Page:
Change Is Good

I remember growing up in the 1970s and , yes, we had long hair ,bell bottom pants and platform shoes. I run into many people today that still say the popular music that came out back then is still better than anything that comes out today and while that’s true, the technology that can be enjoyed today is obviously much better than anything we had before. I think part of the trick is in knowing how to use it.

I’ve just read the beginning of the article over and can see where it might maker me look older than I am, but that’s really half the point I’m trying to make when it comes to things like blogging—that everything has moved so fast technologically you need to be sure that what’s out there is good for your career as a blogger. Most of the time it is.

Here a good example. When I started writing seriously there weren’t anything called blogs and of course there wasn’t even an Internet and the only computers that I remember were on the bridge of the USS Enterprise. (In fact, had you told me about blogs back then, I might have thought it was the title of the latest monster movie from Steven Speilberg.)

I started out on an electric typewriter and thought the height of technology was the white ‘auto-erase’ ribbon that could white out any mistake that I made while I was typing. Back then, a big part of writing anything was all about watching out that you didn’t make too many mistakes and a clean white sheet of 8 x 10 paper could look quite intimidating with nothing on it. Thank God for computers. It took me a while at first, but when I finally found out how to use Spellcheck to my advantage, I could concentrate on the thoughts that I wanted to get down and stop worrying about errors on the page.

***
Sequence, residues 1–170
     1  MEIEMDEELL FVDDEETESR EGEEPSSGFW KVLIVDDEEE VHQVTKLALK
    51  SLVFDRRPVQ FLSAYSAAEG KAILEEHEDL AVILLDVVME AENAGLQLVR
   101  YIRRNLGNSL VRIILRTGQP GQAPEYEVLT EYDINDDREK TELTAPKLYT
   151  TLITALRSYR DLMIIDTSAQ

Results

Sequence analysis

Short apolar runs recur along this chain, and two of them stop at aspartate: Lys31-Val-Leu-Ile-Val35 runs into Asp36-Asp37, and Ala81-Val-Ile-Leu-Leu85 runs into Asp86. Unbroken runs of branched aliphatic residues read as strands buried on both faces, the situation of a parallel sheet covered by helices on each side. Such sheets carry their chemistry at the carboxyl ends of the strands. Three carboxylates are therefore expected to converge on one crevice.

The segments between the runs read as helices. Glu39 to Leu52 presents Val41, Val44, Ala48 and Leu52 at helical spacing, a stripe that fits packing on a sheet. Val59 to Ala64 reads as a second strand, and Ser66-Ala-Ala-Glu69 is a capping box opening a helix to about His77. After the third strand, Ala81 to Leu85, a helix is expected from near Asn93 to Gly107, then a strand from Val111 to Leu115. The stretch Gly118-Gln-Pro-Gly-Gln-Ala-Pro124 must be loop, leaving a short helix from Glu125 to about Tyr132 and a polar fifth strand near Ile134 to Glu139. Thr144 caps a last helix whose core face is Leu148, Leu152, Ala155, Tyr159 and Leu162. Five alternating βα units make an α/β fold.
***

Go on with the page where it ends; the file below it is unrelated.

The point here is that I concentrate more on those red squiggles after I’ve written out a blog or article. Knowing that I can go back and fix those things after allows me to write the way that I’m supposed to, from start to finish concentrating on getting the whole idea down on the screen. The mistakes and typos can wait until after.

Then there’s the Internet itself. I still love the library and I don’t think that the Internet will ever replace those great buildings for the relative comfort of sitting down in that cozy environment with a good novel. I’ve written three books and while they’re available on the web through Amazon and Chapters in Canada, I still like to see them sitting on a wooden library shelf, but the web has some distinct advantages when it comes to research.

I never imagined when I was writing on that old electric typewriter that one day I’d have all this knowledge at my fingertips, and I can certainly be more productive than ever before sitting in front of my mobile laptop. Change is good.

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